APIs vs. SDKs
Harmon described the API strategy discussion that he is leading at PayPal. “We are coming on very strong now with a look at the total vision of our business capabilities and putting together a capability model first: What are the capabilities we really offer? Then we are talking about User Interface; that’s the basis of all of our REST API design," he said. "We need to create a quality experience for developers. Our SDKs often tend to be the training wheels to get people used to our APIs. Measuring things like ‘time to first hello world’ (for both external and internal developers) is important. What it boils down to is speed and capability. “SDKs are a way to get quickly onto a Platform. If I buy a car and I know I want to race eventually, I want to buy a car that I can get down to the wires with. The SDK is like the plushy dashboard; the REST API is the race car,” Harmon said. Meanwhile, in the long run, Salazar sees SDKs as more integral than APIs for developers who want to get up and running quickly. “They tinker with the API to get a feel for the features we offer, but, as soon as they actually want to start to integrate, they are looking for an SDK in the programming language they want. What we are now seeing is that customers want Framework Integration: It’s not enough to have a Python SDK -- you need a Django framework as well," he said. “If you are building an API capability into your app or product, SDKs do a lot of the heavy lifting: SDKs can provide caching, for example.” When looking at the API versus SDK question, both Salazar and Harmon recommended reviewing API analytics to see how developers are using APIs. “Check your API analytics to see what client developers are using—it will open your eyes to what is happening,” said Salazar.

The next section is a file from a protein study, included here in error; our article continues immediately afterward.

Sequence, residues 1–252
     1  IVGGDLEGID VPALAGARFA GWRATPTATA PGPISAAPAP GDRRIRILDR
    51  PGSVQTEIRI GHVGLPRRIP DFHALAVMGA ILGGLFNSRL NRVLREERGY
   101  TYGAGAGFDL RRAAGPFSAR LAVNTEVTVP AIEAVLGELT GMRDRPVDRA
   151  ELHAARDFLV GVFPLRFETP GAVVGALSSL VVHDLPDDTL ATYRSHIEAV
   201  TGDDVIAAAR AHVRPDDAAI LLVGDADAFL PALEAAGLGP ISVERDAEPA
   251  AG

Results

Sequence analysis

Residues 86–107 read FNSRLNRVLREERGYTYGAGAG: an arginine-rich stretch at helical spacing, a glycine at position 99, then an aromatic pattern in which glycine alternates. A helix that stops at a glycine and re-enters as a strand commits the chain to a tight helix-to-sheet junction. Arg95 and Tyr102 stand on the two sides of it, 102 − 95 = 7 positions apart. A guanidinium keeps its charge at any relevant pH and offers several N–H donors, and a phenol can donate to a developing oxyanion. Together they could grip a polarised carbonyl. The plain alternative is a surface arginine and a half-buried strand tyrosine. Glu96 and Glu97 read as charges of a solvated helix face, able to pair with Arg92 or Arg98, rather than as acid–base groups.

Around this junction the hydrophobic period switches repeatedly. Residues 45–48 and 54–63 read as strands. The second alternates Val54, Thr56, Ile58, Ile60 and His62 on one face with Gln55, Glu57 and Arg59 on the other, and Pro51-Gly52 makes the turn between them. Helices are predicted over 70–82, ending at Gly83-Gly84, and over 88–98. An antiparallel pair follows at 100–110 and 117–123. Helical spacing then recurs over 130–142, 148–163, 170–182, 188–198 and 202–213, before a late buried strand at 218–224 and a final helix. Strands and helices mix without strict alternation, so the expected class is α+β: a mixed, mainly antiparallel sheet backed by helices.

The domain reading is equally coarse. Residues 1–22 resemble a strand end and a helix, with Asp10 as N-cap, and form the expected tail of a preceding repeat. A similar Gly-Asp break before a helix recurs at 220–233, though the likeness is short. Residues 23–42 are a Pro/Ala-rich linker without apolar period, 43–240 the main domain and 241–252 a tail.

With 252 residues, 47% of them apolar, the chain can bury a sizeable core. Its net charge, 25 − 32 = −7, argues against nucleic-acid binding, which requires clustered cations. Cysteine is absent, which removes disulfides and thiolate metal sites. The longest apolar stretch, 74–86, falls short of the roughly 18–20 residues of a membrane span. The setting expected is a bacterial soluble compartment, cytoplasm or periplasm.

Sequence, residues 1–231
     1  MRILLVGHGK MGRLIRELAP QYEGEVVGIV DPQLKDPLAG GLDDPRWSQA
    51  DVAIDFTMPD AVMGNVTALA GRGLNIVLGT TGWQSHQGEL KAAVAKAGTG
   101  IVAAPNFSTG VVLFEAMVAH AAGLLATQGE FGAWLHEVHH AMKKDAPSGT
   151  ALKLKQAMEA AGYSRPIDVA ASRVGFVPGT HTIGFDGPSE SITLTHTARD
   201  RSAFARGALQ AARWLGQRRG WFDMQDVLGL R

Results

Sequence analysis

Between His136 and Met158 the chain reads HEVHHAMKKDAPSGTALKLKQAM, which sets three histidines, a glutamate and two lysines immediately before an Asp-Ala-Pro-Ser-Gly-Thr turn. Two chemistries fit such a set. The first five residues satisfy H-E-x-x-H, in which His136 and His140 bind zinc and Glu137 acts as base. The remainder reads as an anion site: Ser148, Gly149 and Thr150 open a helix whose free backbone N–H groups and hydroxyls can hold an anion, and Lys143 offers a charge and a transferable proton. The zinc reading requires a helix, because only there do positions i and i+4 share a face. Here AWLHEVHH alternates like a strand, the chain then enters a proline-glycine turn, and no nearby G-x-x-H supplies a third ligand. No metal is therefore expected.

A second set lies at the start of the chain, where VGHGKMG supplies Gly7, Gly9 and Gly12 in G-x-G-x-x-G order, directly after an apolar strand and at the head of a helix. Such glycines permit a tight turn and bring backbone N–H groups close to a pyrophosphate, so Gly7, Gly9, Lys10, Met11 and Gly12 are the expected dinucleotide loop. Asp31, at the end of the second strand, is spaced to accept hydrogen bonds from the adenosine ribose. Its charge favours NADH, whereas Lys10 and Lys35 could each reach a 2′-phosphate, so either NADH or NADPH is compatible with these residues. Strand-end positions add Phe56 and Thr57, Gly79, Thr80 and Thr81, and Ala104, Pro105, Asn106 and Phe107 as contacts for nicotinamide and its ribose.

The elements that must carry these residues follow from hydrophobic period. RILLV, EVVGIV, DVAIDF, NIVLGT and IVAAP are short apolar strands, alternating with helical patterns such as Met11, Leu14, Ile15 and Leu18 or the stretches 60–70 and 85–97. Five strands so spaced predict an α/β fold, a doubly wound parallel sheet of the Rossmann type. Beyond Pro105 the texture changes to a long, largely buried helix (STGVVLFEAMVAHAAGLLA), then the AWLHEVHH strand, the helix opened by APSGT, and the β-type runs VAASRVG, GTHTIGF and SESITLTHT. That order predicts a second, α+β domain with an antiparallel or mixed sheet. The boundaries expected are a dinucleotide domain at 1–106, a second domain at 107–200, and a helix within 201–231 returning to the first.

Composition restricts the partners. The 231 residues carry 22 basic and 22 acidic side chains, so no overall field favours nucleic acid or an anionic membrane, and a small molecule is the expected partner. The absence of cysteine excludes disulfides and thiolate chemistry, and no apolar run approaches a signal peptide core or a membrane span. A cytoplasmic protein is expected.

The panel unanimously agreed that API versioning is one of the greatest challenges in API design and development. “The challenge with APIs is that it is very difficult to change anything,” Salazar said. “You need to do some future-scoping to see what API capabilities you may need in one or two years from now. The best way forward is to follow proper REST models: Represent everything as a noun. If you get any type of scale, it will hurt you if you do not." He added: “Modular design is always faster and cheaper than insular design. As a developer, be wary of insular design; it will slow you down and, as soon as you have a competitive product, you will have a modular competitor coming up behind you who is activating an ecosystem of partners.” Harmon believes developer engagement from the start can help with some of the challenges with versioning APIs down the track. Managing a good directory of who is using your API enables a provider to communicate change. “If you don’t start early with engaging your developer community—you need to know who they are from day one—you will have great difficulties broadcasting change [if you are retiring an early version of your API].”
Final advice for business developers getting started with an API
Audience members asked the panel to share their top recommendation for developers embarking on API design in their business. Here’s what the panelists shared. Sarid: “Start with API design, and make sure the market wants that thing.” Salazar: “ Documentation!” Cohick: “User research will validate your API design.” Musser: “The business model comes first: How well is your API mapped to your business model?” Harmon: “Instrumentation: Make sure you can measure how people are using your API and what error codes are being logged. You can’t live without it, and you have no operational where-with-all without it.” By Mark Boyd. Mark is a freelance writer focusing on how we use technology to connect and interact. He writes regularly about API business models, open data, smart cities, Quantified Self and e-commerce. He can be contacted via e-mail, on Twitter or on Google+.